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Floating point rand values - How?

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I need help with a method of finding a random float between two given float values, either of which may be negative or posotive. I apologise if this has been asked before, i had a look but couldnt find anything. [edited by - peck on September 8, 2002 7:58:21 AM]

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quote:
Original post by Fruny
double min, max;

double num = min*( (double)rand()/(double)RAND_MAX)* (max-min) );


The beginning should be min +, not min *

double num = min+ ( (double)rand()/(double)RAND_MAX)* (max-min) );

Cédric

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it''s often quicker to get an int rand than a float (especially if you write your own) then multiply it by the constant 1/4294967295 to get a number of size less than 1. multiply this by the gap size and add the low value

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quote:
Original post by cedricl
double num = min+ ( (double)rand()/(double)RAND_MAX)* (max-min) );

And I believe that x/y where y is a constant, won't be optimized as x*(1/y) because it leads to slightly different results. So that needs to be done explicitely to gain some speed (float/double mul is much faster than div)

double num = min + (rand() * (1.0 / RAND_MAX)) * (max - min);

(IIRC the (double) casts are useless, since ints are automatically casted to doubles if the other operand is a double)

[edited by - civguy on September 8, 2002 12:47:47 PM]

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quote:
Original post by civguy
And I believe that x/y where y is a constant, won''t be optimized as x*(1/y) because it leads to slightly different results. So that needs to be done explicitely to gain some speed (float/double mul is much faster than div)

double num = min + (rand() * (1.0 / RAND_MAX)) * (max - min);



I think it is optimized, at least in VC.NET. Take a look at this ASM output. Doesn''t seem to be an fdiv in there.


; 43 : double min = 0, max = 10;
; 44 : double num1 = min + ((double)rand() / (double)RAND_MAX) * (max-min);

call _rand
mov DWORD PTR tv280[esp+32], eax
fild DWORD PTR tv280[esp+32]
fmul QWORD PTR __real@3f00002000400080
fmul QWORD PTR __real@4024000000000000
fstp QWORD PTR _num1$[esp+32]

; 45 : double num2 = min + ((double)rand() * (1.0/(double)RAND_MAX)) * (max-min);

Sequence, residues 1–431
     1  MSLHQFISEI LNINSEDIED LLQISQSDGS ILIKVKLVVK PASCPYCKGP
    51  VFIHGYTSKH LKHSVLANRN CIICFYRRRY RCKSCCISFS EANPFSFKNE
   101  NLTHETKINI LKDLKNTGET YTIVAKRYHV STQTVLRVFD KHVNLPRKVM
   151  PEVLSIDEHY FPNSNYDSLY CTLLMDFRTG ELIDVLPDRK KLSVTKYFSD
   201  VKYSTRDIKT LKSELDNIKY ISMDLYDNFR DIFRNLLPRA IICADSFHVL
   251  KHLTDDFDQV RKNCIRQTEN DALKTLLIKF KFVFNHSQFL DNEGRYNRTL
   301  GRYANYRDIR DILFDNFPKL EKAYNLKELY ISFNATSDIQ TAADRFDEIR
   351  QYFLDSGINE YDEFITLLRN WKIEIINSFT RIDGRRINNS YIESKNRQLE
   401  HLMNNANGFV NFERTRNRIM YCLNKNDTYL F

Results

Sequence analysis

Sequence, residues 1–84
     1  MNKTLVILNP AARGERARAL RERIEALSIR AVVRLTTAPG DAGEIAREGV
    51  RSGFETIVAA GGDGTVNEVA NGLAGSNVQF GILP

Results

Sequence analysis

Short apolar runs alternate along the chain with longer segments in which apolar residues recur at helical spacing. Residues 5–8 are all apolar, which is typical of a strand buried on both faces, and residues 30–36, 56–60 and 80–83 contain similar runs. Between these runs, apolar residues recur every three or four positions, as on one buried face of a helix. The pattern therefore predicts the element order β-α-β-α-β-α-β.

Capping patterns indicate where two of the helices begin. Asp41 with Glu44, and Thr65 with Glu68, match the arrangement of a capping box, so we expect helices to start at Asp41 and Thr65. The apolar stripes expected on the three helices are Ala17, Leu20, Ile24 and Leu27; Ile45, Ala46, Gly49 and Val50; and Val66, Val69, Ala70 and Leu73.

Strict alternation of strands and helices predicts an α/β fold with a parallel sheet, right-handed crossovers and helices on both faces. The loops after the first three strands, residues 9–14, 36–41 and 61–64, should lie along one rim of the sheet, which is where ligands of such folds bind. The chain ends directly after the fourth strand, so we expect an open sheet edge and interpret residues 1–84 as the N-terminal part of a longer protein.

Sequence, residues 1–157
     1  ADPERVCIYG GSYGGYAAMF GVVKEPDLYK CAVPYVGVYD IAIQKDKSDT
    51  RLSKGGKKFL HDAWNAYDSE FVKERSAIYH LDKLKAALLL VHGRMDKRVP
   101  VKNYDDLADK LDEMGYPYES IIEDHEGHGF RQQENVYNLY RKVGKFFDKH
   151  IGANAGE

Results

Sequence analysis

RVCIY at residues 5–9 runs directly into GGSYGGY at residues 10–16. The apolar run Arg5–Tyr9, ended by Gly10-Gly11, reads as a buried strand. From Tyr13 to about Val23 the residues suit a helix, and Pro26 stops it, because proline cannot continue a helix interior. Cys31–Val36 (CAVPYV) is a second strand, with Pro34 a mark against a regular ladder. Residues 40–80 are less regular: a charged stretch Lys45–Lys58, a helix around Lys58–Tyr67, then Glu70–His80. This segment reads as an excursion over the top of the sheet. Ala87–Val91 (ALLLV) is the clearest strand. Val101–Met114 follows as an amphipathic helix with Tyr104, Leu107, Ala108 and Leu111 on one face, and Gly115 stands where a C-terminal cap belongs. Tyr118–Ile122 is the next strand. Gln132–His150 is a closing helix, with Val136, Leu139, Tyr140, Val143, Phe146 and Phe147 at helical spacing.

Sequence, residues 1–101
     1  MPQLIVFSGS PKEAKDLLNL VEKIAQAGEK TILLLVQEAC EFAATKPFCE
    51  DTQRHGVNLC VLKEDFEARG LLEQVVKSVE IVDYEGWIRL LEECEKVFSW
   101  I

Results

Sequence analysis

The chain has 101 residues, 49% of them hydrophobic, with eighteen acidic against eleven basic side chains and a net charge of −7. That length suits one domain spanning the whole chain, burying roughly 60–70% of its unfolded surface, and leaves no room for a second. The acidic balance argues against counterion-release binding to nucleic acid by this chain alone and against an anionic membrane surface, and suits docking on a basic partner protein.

call _rand
mov DWORD PTR tv278[esp+32], eax
fild DWORD PTR tv278[esp+32]
fmul QWORD PTR __real@3f00002000400080
fmul QWORD PTR __real@4024000000000000
fstp QWORD PTR _num2$[esp+32]



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Guest Anonymous Poster
Even if division is faster, how can this:

double num = min + (rand() * (1.0 / RAND_MAX)) * (max - min);

be faster than this:

double num = min + (rand() / RAND_MAX) * (max - min);

when the first one has to do an extra operation, the multiplication.

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1.0 / RAND_MAX can be precalculated, because RAND_MAX is a constant, so the ''intermediary'' result is:

x * k1

vs.

x / k2

If multiplications are faster, then the first one will be faster. However, the compiler knows that, so it automatically evaluates 1 / k2 to use a multiplication.

Bottom line: don''t micro-optimize because the compiler knows better than you.

Cédric

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quote:
Original post by Anonymous Poster
Even if division is faster, how can this:

double num = min + (rand() * (1.0 / RAND_MAX)) * (max - min);

be faster than this:

double num = min + (rand() / RAND_MAX) * (max - min);

when the first one has to do an extra operation, the multiplication.
Because RAND_MAX is a constant, and 1.0/RAND_MAX always leads to same result, so it can be safely precalculated by the compiler. Leading to (rand() * 0.0000000314159265358979) or something.

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quote:
Original post by cedricl
Bottom line: don't micro-optimize because the compiler knows better than you.
I beg to differ. There are some 'unsafe' operations that you can optimize better than the compiler can, since self-made optimizations may lead to slightly different results, but still unnoticeable in real applications.

For example, take the good old days when sin() and cos() were costly operations. Using sin-table could've boosted your application's inner loops dramatically but sin-table still was nothing but micro-optimization. So I dare you to show me a compiler that can do sin-tables itself as you claim compiler knows better than me .

Here I just (falsely) assumed that division would lead to different results than multiplying with 1/x, which would've disabled compiler's ability to make that decision.

[edited by - civguy on September 8, 2002 2:55:59 PM]

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